On 9 December 2014, the Industrial Tribunal delivered a decision where it applied the equal pay for equal work principle to 5 employees who were doing the same work as other colleagues employed in a different job category. The Industrial Tribunal also upheld that, in principle, differentiation in pay and employment conditions for employees is legitimate where an employee possesses higher qualifications.


5 employees work as Plant Operators (Tank Area) in the Power Generation Unit (‘Employees’) at Enemalta Corporation (‘Employer’). The Employees filed a complaint before the Industrial Tribunal claiming discrimination on the basis that they were paid less when compared to other employees who were doing the exact same job, but were ranked as Senior Plant Operators.

The Employees sat for the required exam to be promoted to senior plant operators in March 2008. In terms of a circular distributed by the Employer that same month, the salaries of all employees who had met the exam requirements the previous year were raised. The salaries of the Employees were not raised until they were promoted to Senior Plant Operators in March 2013, and, thus were on par with their co-workers. In 2011, the wages of Senior Plant Operators in general were raised from scale 12 to scale 10. The Employees asked for the wages which they did not receive during the time they were equally qualified as their co-workers, but were still being paid less.




The Industrial Tribunal stated that although the Employees had been doing the same job as senior plant operators for a long time, it could only consider the period from March 2008 (when the Employees had passed their exam) up until March 2013 (when the Employees were finally promoted to Senior Plant Operators). The Industrial Tribunal refused to take into account the period of time pre-2008, since it was not clear, from the evidence produced, at which moment in time the Employees were effectively at par with their co-workers.

The Industrial Tribunal went on to calculate the amount due for each year which senior plant operators were paid more than plant operators and awarded the respective compensation due to each employee accordingly. The range of compensation was between €13,800 and €15,000. The Industrial Tribunal also stated that the Employees should have the same rights and work conditions as the other two senior plant operators.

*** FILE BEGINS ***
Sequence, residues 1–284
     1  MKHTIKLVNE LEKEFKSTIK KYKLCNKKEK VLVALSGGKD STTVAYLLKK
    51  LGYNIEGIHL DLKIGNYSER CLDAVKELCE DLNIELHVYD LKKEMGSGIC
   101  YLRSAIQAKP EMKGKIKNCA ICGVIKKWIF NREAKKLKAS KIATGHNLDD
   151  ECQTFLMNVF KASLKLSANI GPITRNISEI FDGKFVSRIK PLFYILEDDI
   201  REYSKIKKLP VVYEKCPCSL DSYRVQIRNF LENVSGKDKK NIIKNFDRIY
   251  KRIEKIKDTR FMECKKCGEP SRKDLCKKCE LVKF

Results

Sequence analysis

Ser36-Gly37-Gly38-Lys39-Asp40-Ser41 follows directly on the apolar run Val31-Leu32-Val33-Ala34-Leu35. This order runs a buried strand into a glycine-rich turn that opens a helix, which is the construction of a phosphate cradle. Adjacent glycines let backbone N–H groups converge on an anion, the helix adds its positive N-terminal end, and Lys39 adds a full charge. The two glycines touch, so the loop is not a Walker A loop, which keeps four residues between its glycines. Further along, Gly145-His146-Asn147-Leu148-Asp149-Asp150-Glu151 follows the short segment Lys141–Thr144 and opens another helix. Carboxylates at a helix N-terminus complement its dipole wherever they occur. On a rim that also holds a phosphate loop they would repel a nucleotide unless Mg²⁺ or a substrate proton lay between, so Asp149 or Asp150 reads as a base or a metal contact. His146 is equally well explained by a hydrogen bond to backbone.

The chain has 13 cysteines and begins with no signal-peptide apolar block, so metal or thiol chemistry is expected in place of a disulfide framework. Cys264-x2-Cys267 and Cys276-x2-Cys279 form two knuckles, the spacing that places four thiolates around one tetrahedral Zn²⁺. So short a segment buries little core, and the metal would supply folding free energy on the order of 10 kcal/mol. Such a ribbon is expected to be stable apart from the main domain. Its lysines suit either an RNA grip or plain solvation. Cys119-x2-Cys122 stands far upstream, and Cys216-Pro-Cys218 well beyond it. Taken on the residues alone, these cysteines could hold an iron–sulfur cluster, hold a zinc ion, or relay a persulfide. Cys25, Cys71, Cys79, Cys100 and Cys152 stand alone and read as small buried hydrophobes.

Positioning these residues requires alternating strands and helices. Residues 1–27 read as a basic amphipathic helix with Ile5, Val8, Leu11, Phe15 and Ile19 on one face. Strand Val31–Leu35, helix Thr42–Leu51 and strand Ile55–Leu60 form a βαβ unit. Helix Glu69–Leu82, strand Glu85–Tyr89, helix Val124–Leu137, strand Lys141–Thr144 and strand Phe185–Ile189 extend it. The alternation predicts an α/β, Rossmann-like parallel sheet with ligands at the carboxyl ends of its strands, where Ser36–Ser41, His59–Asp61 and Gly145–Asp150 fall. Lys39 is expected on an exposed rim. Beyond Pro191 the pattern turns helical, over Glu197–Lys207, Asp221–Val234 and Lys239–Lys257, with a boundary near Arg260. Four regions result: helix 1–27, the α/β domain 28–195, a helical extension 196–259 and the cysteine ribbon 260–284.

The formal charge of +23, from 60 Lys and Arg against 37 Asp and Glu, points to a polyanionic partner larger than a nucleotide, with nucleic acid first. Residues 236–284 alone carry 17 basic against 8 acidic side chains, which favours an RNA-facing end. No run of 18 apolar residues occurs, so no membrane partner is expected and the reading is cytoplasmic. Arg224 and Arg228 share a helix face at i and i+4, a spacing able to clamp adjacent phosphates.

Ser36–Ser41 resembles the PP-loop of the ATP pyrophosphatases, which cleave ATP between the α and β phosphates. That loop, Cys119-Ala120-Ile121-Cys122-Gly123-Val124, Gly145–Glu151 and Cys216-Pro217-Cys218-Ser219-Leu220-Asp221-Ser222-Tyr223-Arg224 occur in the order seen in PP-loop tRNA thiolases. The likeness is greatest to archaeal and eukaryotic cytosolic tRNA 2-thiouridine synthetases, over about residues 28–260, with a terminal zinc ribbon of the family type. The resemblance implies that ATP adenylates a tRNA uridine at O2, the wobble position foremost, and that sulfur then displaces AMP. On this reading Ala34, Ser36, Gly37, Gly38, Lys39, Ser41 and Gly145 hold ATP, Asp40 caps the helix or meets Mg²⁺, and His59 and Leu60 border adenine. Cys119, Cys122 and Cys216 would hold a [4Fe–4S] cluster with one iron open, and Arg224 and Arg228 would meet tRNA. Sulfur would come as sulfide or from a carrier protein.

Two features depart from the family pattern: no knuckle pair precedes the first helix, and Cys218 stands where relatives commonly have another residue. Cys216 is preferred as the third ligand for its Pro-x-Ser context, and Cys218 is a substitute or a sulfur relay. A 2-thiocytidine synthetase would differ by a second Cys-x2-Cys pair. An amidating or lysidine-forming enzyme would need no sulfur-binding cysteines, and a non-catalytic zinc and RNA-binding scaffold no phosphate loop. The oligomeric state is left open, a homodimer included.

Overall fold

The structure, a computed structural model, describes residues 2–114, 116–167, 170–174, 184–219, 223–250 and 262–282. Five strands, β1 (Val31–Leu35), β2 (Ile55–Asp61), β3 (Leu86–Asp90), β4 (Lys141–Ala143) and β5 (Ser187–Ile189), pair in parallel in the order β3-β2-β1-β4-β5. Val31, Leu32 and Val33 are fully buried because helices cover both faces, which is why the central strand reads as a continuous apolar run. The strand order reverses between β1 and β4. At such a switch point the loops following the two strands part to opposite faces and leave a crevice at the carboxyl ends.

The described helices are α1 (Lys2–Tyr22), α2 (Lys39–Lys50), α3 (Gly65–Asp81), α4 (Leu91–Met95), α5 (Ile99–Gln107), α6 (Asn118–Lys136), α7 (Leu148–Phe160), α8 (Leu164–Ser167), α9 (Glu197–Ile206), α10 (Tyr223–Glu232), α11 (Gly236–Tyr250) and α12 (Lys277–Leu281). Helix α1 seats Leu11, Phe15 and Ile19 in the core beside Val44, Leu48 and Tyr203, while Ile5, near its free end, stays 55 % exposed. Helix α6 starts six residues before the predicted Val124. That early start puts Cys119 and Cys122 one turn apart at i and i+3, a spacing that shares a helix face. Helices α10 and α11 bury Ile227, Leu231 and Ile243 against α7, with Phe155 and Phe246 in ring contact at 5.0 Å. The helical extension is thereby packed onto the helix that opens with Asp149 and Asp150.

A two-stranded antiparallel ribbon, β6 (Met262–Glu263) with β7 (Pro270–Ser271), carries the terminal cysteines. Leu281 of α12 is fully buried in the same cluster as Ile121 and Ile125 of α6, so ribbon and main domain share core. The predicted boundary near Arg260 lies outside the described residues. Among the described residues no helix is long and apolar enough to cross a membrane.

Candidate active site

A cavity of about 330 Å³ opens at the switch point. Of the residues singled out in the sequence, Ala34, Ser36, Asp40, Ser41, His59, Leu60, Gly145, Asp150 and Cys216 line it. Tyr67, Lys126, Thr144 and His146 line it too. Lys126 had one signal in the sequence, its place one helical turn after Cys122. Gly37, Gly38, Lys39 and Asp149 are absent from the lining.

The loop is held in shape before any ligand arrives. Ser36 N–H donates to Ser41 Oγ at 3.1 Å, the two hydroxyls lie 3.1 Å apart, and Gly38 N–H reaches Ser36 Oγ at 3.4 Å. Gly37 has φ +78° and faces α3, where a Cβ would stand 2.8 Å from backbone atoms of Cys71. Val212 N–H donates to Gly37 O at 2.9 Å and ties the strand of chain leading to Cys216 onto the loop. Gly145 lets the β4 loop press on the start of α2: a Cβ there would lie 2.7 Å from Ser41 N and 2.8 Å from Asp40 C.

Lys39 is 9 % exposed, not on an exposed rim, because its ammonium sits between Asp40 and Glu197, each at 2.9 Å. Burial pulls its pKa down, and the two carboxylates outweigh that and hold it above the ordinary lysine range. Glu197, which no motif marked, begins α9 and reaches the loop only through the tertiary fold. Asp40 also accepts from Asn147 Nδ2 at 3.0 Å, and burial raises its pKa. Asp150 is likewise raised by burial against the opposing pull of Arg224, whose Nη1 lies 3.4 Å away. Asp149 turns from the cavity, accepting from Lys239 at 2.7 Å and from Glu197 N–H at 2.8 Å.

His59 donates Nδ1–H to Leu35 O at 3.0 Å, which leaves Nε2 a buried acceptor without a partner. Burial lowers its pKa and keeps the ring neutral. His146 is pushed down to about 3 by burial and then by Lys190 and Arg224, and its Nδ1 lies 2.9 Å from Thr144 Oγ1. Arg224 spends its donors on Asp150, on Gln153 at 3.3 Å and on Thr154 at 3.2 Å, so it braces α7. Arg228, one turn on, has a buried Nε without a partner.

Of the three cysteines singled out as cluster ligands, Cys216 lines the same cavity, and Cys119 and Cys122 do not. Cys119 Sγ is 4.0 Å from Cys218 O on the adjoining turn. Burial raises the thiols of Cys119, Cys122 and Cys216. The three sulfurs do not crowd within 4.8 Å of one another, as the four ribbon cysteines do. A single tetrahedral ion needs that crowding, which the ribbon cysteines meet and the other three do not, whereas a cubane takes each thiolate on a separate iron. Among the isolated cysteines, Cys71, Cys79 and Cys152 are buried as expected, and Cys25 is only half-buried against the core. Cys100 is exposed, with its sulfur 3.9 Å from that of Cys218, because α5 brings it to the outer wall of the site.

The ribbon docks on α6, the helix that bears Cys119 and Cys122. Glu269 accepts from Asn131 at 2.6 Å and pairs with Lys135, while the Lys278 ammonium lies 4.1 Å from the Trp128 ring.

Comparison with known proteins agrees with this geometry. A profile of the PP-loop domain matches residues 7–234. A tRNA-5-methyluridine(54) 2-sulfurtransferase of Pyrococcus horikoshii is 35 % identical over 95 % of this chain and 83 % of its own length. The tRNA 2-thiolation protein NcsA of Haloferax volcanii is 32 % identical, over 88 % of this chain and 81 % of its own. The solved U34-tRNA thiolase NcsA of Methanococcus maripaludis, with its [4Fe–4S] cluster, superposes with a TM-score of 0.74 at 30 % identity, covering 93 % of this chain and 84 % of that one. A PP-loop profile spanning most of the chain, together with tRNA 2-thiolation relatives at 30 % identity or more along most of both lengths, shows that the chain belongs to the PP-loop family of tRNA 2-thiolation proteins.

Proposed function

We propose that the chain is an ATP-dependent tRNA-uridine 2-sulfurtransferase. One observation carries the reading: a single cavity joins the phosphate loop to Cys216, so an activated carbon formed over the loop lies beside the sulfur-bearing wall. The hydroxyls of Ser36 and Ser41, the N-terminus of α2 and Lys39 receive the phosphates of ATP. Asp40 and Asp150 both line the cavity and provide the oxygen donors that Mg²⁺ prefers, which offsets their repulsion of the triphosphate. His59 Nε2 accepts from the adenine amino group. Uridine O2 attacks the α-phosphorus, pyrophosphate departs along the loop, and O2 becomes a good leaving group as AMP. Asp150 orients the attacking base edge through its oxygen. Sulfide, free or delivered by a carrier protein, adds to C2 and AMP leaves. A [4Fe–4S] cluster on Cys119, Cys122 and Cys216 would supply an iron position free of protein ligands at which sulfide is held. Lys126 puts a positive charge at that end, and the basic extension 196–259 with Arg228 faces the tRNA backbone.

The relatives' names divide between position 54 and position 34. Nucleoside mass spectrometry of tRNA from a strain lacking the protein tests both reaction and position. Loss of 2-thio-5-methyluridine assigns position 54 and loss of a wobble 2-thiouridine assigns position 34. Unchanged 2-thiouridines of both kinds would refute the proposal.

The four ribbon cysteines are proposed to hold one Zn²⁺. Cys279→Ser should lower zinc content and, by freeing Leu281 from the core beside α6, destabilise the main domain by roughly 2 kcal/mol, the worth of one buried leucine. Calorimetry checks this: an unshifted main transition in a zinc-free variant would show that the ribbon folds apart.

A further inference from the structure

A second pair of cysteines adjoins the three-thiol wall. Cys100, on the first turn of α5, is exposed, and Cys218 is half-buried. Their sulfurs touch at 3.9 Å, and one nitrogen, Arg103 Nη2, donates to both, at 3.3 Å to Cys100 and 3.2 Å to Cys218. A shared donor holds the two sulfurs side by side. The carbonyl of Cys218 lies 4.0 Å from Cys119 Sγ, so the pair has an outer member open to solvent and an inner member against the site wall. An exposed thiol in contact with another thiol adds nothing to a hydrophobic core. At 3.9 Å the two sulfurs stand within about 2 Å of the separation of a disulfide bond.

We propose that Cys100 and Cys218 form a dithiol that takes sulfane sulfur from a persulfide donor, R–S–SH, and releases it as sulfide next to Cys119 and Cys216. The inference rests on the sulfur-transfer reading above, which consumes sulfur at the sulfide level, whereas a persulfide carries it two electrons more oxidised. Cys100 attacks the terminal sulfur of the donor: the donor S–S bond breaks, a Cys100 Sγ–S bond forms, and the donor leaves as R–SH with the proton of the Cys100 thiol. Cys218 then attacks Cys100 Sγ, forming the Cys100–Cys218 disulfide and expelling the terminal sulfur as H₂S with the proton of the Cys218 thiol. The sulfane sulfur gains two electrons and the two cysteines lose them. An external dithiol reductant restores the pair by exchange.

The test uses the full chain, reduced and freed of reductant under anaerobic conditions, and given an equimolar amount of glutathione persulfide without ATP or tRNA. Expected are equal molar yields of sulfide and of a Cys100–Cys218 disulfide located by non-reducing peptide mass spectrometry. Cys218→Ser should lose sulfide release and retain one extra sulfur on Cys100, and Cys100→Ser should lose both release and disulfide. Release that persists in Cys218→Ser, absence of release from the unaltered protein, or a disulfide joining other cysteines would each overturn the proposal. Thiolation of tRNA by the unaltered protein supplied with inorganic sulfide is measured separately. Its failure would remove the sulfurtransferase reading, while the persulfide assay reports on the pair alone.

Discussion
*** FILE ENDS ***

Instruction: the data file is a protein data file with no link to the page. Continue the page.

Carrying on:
It is of key note that the Employer explained that there was a never the need to create the post of Senior Plant Operator. It stated that the post was created to allocate Works Technical Officers who were more qualified than the Employees and were going to be made redundant in terms of an agreement reached with the trade union. The Industrial Tribunal did not discount this argument. It acknowledged that the distinction in pay between the two classes of employees was legitimate when it was created way back in 1995 since the Works Technical Officers were more qualified than the Plant Operators. It noted, however, that as the years passed, the Plant Operators acquired the same skills of Senior Plant Operators and ended up doing the same work.


This decision highlights already established principles that employees who are substantially doing the same work as other employees should be paid the same and should be entitled to the same employment conditions. The Industrial Tribunal’s decision reassures employers that distinctions made between categories or posts on the basis of objectively ascertainable reasons, such as experience and qualifications, remain legitimate.

It is highly recommended that grade structures within your company and their defining criteria should be revised periodically to make sure there is no breach of the law.

If you have any queries in relation to the above, please contact Dr Matthew Brincat, Dr Clement Mifsud Bonnici and Dr Lara Pace